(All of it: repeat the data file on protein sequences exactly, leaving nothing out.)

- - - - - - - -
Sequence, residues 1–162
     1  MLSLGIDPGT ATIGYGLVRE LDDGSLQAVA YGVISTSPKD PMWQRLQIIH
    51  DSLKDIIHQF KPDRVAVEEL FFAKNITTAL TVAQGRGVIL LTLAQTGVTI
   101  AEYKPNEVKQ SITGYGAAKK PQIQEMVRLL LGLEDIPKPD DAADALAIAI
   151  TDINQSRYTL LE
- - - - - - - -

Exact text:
Sequence, residues 1–162
     1  MLSLGIDPGT ATIGYGLVRE LDDGSLQAVA YGVISTSPKD PMWQRLQIIH
    51  DSLKDIIHQF KPDRVAVEEL FFAKNITTAL TVAQGRGVIL LTLAQTGVTI
   101  AEYKPNEVKQ SITGYGAAKK PQIQEMVRLL LGLEDIPKPD DAADALAIAI
   151  TDINQSRYTL LE